You Certainly Can’t Fight A Bomb With A Knife, But You Can Bypass Hours Of Gameplay With A Good Book
For a long while, most of the knowledge I possessed having to do with the Assassin’s Creed franchise came from the something-teen hours I dropped into a game I quit a few years back. Listen, I got lost in the woods and repeatedly killed by wolves (don’t judge me). I also never got around to watching the live-action movie despite very much liking the trailers set to the Kanye West track.
However, my passing familiarity with the franchise didn’t deter me from being intrigued by the lore. Throughout the years, following my failed gaming endeavor, I casually skimped various wikis. Believe me, the tales of The Brotherhood of Assassin’s and their foes The Templars battling throughout time is rich and intriguing all on its own. I do wish I found my way out of that blasted snow-covered forest and continued with the story. If for nothing else to see the narrative play out. Thankfully, Assassin’s Creed: Conspiracies is just the shot to the arm and vehicle to close the gap.
Closing your eyes doesn’t stop the world around you from getting dark
Following a rousingly nostalgic excursion through a frosted-wooded area of Norway where we witness a prototypical, hooded, Assassin make quick work of some unsuspecting soldiers, writer Guillaume Dorison and artist Jean-Baptiste Hostache drop us smack dab amid 1940 WWII London. Our point-of-view character is Eddie Gorm, a former Royal Navy-man, now Robin Hoody dock-worker that cares for his deceased brother’s widow, Maria, and children Justine and Paul.
Times are hard, but Eddie lives by a code of honor and refuses to cross certain lines; something he demonstrates when he turns down the opportunity to make money in the form of running jobs for a gangster. While the story is quite slow up to this point, Dorison’s narrative, amplified by Hostache’s inks seem to draw you in as the intrigue is kicked up five-notches. We begin to realize, no one we’ve been introduced to is quite what they seem to be.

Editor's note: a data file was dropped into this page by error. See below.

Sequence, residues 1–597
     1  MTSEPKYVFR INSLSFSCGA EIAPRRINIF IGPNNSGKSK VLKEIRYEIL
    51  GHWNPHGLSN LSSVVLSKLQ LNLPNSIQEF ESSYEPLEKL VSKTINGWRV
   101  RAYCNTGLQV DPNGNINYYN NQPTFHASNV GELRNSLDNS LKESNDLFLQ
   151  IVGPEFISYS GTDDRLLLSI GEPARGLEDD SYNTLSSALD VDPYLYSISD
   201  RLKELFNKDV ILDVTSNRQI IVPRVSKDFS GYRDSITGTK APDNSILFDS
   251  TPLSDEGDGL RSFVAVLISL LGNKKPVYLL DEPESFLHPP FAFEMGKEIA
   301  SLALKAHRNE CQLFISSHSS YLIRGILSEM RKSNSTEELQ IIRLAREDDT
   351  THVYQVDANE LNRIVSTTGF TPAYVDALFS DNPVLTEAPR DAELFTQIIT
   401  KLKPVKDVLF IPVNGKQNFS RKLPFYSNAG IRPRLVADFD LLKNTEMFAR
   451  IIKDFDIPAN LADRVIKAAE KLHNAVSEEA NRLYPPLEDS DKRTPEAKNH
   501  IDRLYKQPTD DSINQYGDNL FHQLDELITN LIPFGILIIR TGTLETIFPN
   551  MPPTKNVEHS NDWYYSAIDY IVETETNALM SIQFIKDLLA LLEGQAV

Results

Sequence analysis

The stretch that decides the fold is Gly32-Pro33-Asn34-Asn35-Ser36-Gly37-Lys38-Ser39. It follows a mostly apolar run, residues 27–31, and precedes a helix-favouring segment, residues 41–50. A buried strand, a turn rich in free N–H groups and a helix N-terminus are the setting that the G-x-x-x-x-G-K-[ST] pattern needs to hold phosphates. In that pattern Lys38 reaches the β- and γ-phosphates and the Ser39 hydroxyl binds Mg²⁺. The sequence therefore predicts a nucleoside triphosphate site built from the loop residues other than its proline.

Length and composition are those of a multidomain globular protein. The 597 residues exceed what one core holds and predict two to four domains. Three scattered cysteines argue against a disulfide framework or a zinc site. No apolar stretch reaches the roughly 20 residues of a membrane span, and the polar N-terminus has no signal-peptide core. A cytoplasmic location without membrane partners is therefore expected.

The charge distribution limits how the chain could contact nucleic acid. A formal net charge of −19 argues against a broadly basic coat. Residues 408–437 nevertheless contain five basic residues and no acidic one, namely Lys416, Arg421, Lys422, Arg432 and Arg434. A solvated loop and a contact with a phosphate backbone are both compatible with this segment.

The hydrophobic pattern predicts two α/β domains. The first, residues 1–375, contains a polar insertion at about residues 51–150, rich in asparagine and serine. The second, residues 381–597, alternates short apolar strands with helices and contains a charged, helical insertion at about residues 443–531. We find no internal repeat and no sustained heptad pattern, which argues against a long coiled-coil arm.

Outside of a couple odd transitions between panels, and the aforementioned slower development between the opening scene and set-up, Assassin’s Creed: Conspiracies #1 eventually turns into an intriguing page-turner, I can only compare to some of the best action-thrillers Hollywood has to offer. Not quite a spy-flick or a political roller-coaster, Dorison finds a comfortable middle-ground steeped in the backdrop of WWII just as London is bombed, an event that costs Gorm dearly.
After this, he decides to take a more active role in the fight to thwart Nazi Germany, a government that is evidently waging war due to the machinations of The Templars. In a single book we see Gorm transform from an honor-bound family man to a broken mourner and finally, an avenger turned soldier.
Dorison’s opening chapter of Conspiracies is strong and deserves a look from the Assassin’s Creed loyalists and comic book fans simply in search of a good read.
- Great Story, very cinematic and gripping as the plot develops
- Art is very fitting for the era AC:C is written in
- A couple fumbled transitions, but hardly enough to distract